Every story, long or short, has five dimensions. They are usually called its 1) plot, 2) characters, 3) setting, 4) style, and 5) theme. We could call them respectively, the story’s 1) work, 2) workers, 3) world, 4) words, and 5) wisdom. “Philosophy” means “the love of wisdom.” So a story’s philosophy is one of its five basic dimensions.
Which “dimension” sold The Lord of the Rings? All five. To be great, a work of art must be great in not just one dimension, but all, just as a healthy body needs to be healthy in all its organs, a healthy soul in all its powers (mind, will, and emotions), and a morally good act in all its dimensions (the deed, the motive, and the circumstances).
A great story must have, first of all, a good plot, a great deed, a good work, something worth doing. You cannot write a great story about saving a button on a sweater and nothing more. You can, however, write a great story about saving the world, which is what Tolkien did.
Second, a great story must also have great characters, or at least one great character (greatly drawn, at least) for readers to identify with, to find their identity in. We become the characters—in spirit, in imagination. No story is great unless it sucks us in, takes us up out of our bodies, and gives us an out-of-body experience, an ekstasis, standing outside ourselves and in another. Great stories give us the grace of a mystical experience, on the level of imagination.
We can identify with nearly all of Tolkien’s characters—even Ents. Who would have believed that any author could conjure up, in adult human beings, literary belief in talking trees? And who else has ever given us more credible Elves? We know these are the real Elves; we must have in innate Elf detector, an innate Jungian archetype of true Elvishness. Even inanimate things—forests, horns, swords—are characters with memorable, credible personalities.
Third, a great story also should have a great setting, an interesting world. Sometimes it is a familiar part of this world, sometimes an unfamiliar part of this world, and sometimes another world. The Lord of the Rings setting is not another world, but a historically unfamiliar portion of this world: its mythical past. “Middle-earth” is an old name for “the third rock from the sun.”
Sometimes, the setting is at a minimum (e.g., in The Three Musketeers, the book, not the movie). Sometimes it is at a maximum, when the setting is the most memorable dimension of all (e.g., City of Joy, again, the book, not the movies, or Hal Clement’s sci-fi classic Mission of Gravity). The importance of the setting varies with the genre. It is the most in epic and the least in drama.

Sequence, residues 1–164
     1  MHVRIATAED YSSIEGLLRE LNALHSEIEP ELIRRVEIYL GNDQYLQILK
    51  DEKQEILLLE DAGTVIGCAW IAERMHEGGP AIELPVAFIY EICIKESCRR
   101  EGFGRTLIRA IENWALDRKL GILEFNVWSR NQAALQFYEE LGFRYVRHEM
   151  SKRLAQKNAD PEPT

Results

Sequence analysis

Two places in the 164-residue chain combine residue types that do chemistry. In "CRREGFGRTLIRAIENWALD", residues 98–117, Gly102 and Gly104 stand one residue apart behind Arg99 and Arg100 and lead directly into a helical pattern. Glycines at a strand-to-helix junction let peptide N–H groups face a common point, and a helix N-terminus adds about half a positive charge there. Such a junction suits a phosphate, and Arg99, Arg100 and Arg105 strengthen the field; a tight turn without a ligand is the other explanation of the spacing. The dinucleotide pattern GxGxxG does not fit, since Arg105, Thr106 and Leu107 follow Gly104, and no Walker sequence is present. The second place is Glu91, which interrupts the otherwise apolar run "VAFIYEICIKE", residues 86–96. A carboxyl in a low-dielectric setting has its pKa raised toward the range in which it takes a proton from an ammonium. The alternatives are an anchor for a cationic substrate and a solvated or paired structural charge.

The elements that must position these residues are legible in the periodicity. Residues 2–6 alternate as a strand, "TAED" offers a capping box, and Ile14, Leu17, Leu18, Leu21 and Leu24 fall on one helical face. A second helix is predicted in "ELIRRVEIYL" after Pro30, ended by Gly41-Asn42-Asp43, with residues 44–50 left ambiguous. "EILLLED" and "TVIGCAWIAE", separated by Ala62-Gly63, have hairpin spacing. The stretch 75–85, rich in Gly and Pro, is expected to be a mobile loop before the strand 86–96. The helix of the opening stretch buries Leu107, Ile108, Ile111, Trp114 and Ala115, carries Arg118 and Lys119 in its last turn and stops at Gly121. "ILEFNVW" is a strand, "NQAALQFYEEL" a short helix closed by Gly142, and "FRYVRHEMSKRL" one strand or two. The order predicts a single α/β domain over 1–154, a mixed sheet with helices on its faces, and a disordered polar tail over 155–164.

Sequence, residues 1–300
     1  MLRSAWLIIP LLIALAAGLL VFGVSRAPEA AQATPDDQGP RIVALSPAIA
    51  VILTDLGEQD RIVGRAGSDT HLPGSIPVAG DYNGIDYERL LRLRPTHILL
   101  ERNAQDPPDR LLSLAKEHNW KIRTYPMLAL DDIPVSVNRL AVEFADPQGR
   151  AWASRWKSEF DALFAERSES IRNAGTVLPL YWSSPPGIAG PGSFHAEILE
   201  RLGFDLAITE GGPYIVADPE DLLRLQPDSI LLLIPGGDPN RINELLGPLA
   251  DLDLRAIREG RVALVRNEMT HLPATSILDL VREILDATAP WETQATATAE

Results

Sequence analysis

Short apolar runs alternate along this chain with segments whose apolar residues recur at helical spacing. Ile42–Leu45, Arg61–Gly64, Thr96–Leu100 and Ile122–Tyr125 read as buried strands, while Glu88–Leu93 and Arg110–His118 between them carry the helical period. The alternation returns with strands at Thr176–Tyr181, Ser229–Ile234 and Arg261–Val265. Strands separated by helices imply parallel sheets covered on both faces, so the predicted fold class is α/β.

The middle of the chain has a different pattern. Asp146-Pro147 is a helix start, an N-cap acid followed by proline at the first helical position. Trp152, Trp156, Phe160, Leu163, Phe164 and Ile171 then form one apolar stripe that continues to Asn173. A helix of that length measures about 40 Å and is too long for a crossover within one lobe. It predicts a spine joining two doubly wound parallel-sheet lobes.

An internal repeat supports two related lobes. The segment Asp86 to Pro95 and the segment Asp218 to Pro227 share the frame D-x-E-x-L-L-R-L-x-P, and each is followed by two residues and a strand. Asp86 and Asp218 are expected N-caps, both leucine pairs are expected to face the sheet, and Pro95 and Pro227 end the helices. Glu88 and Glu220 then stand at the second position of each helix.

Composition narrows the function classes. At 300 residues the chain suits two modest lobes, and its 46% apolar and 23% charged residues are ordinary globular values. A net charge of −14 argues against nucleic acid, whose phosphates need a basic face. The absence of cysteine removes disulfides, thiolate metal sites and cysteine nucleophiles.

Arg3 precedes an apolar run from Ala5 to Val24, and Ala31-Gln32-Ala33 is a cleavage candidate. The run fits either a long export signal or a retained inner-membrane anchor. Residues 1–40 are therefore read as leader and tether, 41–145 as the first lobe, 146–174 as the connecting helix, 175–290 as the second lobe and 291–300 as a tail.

Many readers find the setting of The Lord of the Rings—Middle-earth itself—to be its most captivating aspect. People come together to stage day-long outdoor reenactments of the plot, using many acres of land, many characters in costumes (usually playing multiple roles), weapons, battles, etc. This has never been done for Death of a Salesman.
What of the fourth dimension, style? Sometimes a great story is told in a plain style (e.g., the Koine Greek of Mark’s Gospel), or even a bad style (e.g., the fairy tales of George MacDonald). A great style can sometimes make up for a small story (Sartre, Samuel Beckett, Ernest Hemingway, John Gardner, James Stephens), but more often a bad style ruins a good story (Thomas Wolfe, Olaf Stapledon, David Lindsay, even George MacDonald).
Even his most severe critics admit Tolkien’s excellence in one aspect of style: language, especially his proper names. Tolkien tells us that the whole of The Lord of the Rings emerged from this preoccupation.
But surely the most valuable of all the gifts a story can give us is its fifth dimension: its wisdom, its philosophy, its world-and-life-view, its insight into ourselves and our lives and our world. Stories do not communicate this worldview directly and deliberately (as preaching does) or abstractly (as philosophy does), but they do it. It is therefore perfectly proper to explore this crucial dimension, this depth dimension of The Lord of the Rings, especially if The Lord of the Rings is “the greatest book of the century” and this is, in some ways the greatest dimension of a book. Though Tolkien’s philosophy can be gleaned from the story, the story is not simply a vessel for philosophy. A true work of art, as opposed to a work of propaganda, never is.